Co-authored by Frontier Economics and Coram Family and Childcare, and funded by the Nuffield Foundation, this new research draws upon interviews with 122 Local Authority Early Leads to reveal how local support has been wide-ranging and has taken multiple different forms. However, the report also shows that there have been notable local variations. For example, some local authorities reported offering considerable additional financial assistance, while several areas reported no additional spending.
One positive finding is the absence of any widespread view among local authorities that the sector is on the brink of financial disaster. Most areas have not seen, and do not immediately anticipate, widespread closures that would lead to shortages of childcare – but many felt it was too early to tell what the full impact for the sector would be once financial supports winds up. Greater concerns were expressed for school-age childcare, including breakfast and after school clubs, where local authorities had seen large drops in places and worried about future shortages. School age childcare is used by twice as many children as pre-school childcare and is essential for many working parents.
All local authorities surveyed reported providing support to childcare settings on health and safety issues, including advice and assistance and access to PPE. Almost all local authorities involved in the study said they had supported parents around childcare use through guidance, advice and helping families to find childcare places.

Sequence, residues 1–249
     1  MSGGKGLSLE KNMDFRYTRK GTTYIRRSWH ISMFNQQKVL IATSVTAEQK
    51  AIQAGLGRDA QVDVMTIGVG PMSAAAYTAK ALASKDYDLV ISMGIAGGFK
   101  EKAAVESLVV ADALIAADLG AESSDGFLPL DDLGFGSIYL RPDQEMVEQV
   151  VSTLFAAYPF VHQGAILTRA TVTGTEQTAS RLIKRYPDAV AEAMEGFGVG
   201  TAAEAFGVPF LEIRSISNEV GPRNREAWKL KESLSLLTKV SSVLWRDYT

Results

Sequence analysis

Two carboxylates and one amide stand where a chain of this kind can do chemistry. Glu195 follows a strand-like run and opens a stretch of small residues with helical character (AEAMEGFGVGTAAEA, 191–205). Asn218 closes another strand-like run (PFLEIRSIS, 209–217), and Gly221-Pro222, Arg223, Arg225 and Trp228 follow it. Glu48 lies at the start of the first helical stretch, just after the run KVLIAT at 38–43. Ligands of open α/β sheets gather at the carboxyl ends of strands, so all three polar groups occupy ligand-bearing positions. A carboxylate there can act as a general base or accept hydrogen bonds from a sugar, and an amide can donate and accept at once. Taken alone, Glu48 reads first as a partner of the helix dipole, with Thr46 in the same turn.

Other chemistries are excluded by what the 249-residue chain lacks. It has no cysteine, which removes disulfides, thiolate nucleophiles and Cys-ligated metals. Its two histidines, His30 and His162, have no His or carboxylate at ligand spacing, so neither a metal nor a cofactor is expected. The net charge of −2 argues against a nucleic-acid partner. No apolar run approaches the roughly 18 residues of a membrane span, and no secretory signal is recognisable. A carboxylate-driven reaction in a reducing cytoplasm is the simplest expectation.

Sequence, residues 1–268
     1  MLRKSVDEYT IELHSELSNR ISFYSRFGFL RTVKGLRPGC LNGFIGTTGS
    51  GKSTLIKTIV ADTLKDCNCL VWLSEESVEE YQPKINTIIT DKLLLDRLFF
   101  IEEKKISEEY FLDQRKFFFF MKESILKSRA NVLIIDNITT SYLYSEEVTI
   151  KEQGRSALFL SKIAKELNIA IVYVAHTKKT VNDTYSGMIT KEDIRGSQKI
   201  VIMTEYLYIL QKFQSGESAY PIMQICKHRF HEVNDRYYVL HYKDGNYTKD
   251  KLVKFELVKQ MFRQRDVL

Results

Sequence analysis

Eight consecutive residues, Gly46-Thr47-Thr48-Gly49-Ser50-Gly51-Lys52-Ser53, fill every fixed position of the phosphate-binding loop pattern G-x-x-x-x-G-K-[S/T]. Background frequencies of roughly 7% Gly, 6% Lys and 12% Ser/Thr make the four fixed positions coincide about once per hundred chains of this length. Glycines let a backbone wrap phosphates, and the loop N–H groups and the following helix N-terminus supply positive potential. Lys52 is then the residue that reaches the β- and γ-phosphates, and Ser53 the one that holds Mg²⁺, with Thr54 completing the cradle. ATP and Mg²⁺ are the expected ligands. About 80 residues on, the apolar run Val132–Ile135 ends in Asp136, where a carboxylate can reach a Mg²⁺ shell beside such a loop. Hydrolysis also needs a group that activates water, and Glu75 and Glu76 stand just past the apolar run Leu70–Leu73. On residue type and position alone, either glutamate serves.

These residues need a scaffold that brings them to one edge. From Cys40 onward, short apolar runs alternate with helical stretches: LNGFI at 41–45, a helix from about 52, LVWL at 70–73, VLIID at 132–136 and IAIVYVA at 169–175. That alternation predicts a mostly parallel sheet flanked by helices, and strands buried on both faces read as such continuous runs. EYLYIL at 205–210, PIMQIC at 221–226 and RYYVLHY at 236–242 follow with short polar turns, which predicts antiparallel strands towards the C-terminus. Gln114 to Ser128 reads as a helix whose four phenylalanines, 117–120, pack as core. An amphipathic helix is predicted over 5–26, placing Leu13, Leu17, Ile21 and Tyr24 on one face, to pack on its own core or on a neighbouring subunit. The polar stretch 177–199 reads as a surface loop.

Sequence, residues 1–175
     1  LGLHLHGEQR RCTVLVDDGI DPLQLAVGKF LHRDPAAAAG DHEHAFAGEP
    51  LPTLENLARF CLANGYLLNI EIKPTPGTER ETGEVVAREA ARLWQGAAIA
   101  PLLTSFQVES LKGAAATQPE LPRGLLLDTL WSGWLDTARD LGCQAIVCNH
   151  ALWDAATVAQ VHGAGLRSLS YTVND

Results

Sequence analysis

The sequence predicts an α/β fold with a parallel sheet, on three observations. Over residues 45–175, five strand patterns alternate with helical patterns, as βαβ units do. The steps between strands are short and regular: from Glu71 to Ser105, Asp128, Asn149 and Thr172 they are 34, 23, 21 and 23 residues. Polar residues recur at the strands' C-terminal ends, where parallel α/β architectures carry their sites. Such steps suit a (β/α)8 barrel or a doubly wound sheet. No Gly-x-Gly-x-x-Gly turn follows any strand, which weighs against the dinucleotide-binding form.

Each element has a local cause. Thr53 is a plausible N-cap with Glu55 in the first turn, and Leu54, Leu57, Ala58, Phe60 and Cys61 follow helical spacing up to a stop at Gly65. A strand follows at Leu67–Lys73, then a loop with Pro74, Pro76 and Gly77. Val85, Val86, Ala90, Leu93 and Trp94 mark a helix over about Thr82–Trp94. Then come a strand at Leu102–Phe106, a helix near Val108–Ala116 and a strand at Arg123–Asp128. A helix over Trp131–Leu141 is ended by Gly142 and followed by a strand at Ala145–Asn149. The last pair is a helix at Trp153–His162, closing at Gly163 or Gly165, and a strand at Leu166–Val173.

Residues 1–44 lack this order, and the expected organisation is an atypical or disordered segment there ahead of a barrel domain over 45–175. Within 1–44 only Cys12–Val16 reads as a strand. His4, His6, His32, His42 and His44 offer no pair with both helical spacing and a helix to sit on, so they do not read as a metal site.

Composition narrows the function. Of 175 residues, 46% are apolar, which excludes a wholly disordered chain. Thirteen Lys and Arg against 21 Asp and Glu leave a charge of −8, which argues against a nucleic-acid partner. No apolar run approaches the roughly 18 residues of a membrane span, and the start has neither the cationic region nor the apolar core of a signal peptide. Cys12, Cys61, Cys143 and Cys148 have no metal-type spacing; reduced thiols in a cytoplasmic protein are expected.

Local authorities were mostly unable to say whether the quality of childcare had been significantly affected by the pandemic, partly because they were not making their usual visits to settings. Addressing this information gap on how the pandemic has impacted on quality is essential as research has proven that it is only high-quality childcare that helps to boost children’s outcomes and narrow the gap between disadvantaged children and their peers.
Gillian Paull, Senior Analyst at Frontier Economics, said: “The pandemic has shown how nimble and flexible local authorities can be in the ways they support local childcare provision and the role they play in ensuring families can access the care they need. But the variation in the level of this support across the country suggests that some areas benefit from stronger local political support and greater resources for supporting childcare and early years.”
Megan Jarvie, Head of Coram Family and Childcare, said: “Local authorities play a crucial role in supporting families and childcare providers so that families can find the childcare they need to support children’s development and help parents to work. These findings show the great potential local authorities hold to support the childcare market through the current threats when they have the right support and funding.”
Eleanor Ireland, Education Programme Head at the Nuffield Foundation said: “Local authorities have played a vital role in supporting childcare providers to deliver early education and care to pre-school children and enabling parents to work during the pandemic. However, many local authorities have concerns about possible shortages of care for school age children and this will need to be monitored in the coming months to prevent difficulties for working parents.”